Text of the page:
Man’s Indifference To God

By, Donna M. Monnig

There’s a lot I could say about this poem, but I’ll refrain from engaging in a lengthy commentary debating the pros and cons, the comparisons and ideology, and let this unknown poet’s work speak for itself.

INDIFFERENCE

When Jesus came to Golgotha
        they hanged Him on a tree,
They drove great nails through
       hands and feet and made a Calvary.
They crowned Him with a crown of thorns;
       red were His wounds and deep.
For those were crude and cruel days,
       and human flesh was cheap.
When Jesus came to AMERICA
        they simply passed Him by,
They never hurt a hair of Him,
         they only let Him die.
For men had grown more tender,
and they would not give Him pain,
They only just passed down the street,
         and left Him in the rain.
Still Jesus cried: “Forgive them
         for they know not what they do,”
And still it rained the winter rain
      that drenched Him through and through.
The crowds went home and
        left the streets without a soul to see,
And Jesus crouched against a wall
         and Cried For Calvary!
                                  –Unknown
~~~~~~~~~~~~~~~~~~~~~~~~~~~~~~~~~~~~~~~

The word America in this poem could be replaced with the name of nearly any country in the world and still have the same meaning. The sad truth is that the modern world has become complacent and indifferent. We see the homeless in some litter covered, graffiti lined alley way, digging through a dumpster overflowing with contaminated by products of an affluent society, while shivering and shrugging deeper into their tattered rag of a coat, trying unsuccessfully to escape the chill seeping into their bones from the bitter breeze and drizzling rain – and we think how terrible poverty is. We feel sorry for the poor unfortunate soul forced to live in such squalor, then we walk on by all the while thinking about how someone should do something about it as we head to the next appointment on our much too busy schedule. Oh, we’ll think about that person from time to time, wondering what ever became of them, wondering why someone doesn’t help people like that, we’ll mention how terrible it is to our friends over dinner or while playing a game of cards, never realizing that the primary difference between us and the downtrodden soul living on the fringe of society is that they were simply dealt a less fortunate hand of cards than us.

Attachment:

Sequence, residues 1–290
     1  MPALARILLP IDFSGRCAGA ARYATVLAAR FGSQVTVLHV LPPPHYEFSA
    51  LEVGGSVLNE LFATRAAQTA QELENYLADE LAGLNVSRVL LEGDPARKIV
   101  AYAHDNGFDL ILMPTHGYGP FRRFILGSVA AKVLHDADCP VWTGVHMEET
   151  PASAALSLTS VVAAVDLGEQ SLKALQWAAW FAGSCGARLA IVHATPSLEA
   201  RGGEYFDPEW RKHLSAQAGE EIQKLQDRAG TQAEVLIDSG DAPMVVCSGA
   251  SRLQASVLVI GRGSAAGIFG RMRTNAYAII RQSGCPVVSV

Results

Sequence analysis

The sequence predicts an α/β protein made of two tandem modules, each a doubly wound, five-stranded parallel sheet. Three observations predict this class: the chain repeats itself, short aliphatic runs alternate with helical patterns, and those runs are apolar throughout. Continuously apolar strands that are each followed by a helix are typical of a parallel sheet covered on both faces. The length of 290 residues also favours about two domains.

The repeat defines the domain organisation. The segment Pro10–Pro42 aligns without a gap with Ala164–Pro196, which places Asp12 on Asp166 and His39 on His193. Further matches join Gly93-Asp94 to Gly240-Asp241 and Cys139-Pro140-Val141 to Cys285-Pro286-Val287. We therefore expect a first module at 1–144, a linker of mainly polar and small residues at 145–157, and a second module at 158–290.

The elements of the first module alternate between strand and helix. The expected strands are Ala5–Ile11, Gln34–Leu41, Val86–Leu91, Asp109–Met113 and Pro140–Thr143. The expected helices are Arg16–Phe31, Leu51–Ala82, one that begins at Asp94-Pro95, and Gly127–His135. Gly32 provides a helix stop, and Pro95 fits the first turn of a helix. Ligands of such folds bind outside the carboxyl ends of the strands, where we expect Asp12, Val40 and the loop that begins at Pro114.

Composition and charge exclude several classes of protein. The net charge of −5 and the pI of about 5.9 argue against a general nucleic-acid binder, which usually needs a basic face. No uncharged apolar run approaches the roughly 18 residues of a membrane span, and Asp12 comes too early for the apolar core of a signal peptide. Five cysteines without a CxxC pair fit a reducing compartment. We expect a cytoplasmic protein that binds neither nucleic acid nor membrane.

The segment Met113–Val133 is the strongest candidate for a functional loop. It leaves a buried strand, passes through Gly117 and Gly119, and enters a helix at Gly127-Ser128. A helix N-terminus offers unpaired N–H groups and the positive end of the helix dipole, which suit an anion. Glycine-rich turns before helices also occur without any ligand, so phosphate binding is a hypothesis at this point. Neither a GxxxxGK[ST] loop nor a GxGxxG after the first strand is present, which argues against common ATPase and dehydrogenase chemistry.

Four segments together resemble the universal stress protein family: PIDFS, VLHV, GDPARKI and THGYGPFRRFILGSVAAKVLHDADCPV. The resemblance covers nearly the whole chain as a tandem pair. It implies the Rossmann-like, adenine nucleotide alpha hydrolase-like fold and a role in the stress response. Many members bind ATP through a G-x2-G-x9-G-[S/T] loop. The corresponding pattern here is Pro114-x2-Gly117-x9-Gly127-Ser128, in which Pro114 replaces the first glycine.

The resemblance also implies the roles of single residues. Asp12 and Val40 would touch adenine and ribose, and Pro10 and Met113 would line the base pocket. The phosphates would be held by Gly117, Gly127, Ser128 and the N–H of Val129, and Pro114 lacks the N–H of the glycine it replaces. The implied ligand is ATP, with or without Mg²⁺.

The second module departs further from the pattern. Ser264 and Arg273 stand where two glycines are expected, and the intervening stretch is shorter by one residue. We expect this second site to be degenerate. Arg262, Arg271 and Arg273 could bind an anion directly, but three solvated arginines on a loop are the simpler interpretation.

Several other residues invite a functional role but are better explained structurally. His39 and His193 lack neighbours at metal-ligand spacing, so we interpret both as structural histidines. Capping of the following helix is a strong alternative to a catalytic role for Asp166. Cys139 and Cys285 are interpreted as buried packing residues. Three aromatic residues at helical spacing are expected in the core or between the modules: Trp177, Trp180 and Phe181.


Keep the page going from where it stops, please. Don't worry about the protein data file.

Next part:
Jesus said, “Whatsoever you do unto the least of your brethren, you do unto me.” If that doesn’t put this poem into perspective than I don’t know what will.

Let me leave you with some words of wisdom from Abraham Lincoln:

“We have been the recipients of the choicest bounties of heaven; we have been preserved these many years in peace and prosperity; we have grown in numbers, wealth, and power as no other nation has ever grown. 

But we have forgotten God. We have forgotten the gracious hand which preserved us in peace and multiplied and enriched and strengthened us, and we have vainly imagined, in the deceitfulness of our hearts, that all these things were produced by some superior wisdom and virtue of our own.

Intoxicated with unbroken success, we have become too self-sufficient to feel the necessity of redeeming and preserving grace, too proud to pray to the God that made us.”

{REMINDER: Don’t forget that by commenting on this post you will be entered into the drawing to win a free copy of Echoes of Time: A Collection of Rhyme. Click here for full details.}

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About Donna M. Monnig

Donna M. Monnig is a published poet, aspiring novelist, freelance writer, a member of the Society of Professional Journalists, and is a cowgirl at heart.
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2 Responses to Man’s Indifference To God

  1. booklover says:

    Great poem, very sad but very true! You had some very nice thoughts about it at the end, it really helped to illustrate what the poem is about. It makes you think which is good.
    I’m also very excited about this contest! Great idea.

    Like

    • Thanks! I’m glad you like it, I really love this poem, you’re right it is very sad, I’m going to have to find a happy poem to post soon! Good luck with the contest!
      God Bless,
      Donna

      Like

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